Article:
NCPA - National Center for Policy Analysis


March 25, 2005

On Wednesday President Bush condemned a group of American citizens worried about the breaking of U.S. immigration law. He condemned the organizers of "Project Minuteman" as "vigilantes" even though they have broken no law and pledge not to do so, says the Washington Times.

The Pew Hispanic Center, suggests that 10.3 million undocumented aliens live in the United States, up 23 percent from the estimated 8.4 million who were here only four years ago. Most are Mexicans. Amid this chaos, states, local governments and citizen groups have responded:

  • In Arizona, whose illegal population has grown fastest, a citizen initiative called Proposition 200 passed with a solid majority in November to place curbs on the distribution of public benefits to illegals; many Hispanic citizens voted for it.
  • Now, Project Minuteman -- a border-monitoring effort slated to begin April 1 -- has swollen to more than a thousand volunteers with 30 private planes to monitor activity on the border 24 hours a day, reporting what they find to the Border Patrol.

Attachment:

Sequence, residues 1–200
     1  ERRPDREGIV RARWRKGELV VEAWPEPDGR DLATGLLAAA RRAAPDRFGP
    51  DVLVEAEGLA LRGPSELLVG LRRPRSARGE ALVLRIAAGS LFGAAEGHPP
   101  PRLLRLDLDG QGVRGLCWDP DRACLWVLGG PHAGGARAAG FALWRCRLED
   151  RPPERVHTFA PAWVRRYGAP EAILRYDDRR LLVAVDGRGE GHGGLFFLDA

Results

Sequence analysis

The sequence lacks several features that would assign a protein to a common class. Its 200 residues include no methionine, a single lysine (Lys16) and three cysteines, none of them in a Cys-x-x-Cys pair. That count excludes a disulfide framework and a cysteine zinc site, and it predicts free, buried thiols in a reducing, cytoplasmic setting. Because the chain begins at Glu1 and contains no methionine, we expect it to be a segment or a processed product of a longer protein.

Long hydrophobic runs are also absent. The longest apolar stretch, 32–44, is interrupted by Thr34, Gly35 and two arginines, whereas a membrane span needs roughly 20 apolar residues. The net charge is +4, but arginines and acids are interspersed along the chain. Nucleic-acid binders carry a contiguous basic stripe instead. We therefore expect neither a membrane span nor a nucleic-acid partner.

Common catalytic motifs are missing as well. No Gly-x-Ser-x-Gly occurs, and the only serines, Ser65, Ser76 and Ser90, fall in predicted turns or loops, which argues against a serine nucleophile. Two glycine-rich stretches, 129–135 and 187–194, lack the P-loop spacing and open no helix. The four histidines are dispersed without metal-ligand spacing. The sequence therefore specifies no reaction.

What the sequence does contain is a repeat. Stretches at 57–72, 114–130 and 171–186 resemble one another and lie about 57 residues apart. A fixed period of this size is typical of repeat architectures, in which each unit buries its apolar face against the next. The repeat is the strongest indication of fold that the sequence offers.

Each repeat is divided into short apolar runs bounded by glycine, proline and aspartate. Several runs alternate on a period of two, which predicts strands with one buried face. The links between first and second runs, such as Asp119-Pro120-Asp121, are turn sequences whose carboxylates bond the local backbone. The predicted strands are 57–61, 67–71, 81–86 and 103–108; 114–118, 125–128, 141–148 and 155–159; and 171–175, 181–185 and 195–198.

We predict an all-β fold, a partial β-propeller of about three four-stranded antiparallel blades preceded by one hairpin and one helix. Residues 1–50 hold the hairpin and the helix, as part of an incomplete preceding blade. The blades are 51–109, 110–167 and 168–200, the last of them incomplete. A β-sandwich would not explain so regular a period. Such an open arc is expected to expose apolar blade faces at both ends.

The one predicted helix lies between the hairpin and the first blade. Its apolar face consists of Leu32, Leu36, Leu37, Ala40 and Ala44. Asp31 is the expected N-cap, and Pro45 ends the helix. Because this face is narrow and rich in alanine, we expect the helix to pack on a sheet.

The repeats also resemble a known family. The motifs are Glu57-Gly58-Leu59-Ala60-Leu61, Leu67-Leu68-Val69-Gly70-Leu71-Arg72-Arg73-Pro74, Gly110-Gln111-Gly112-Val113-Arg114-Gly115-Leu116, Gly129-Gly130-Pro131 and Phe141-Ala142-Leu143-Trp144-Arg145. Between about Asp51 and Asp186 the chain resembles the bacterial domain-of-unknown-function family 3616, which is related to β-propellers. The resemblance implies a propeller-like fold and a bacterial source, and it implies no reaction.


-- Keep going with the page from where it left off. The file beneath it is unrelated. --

But Bush's description of the Minutemen as vigilantes is a misreading of American history, says the Times. The vigilantes were a lynch mob. The Minutemen are an expanded version of the Neighborhood Watch programs popular in many American cities. It's sad to see an American president roll out a royal welcome to a foreign dignitary -- Mexican President Vicente Fox -- so openly contemptuous of U.S. law, while simultaneously condemning Americans who are trying to help duly constituted authorities enforce the law.

Source: Editorial, "Vigilantes," Washington Times, March 25, 2005.

For Pew Hispanic Center text:


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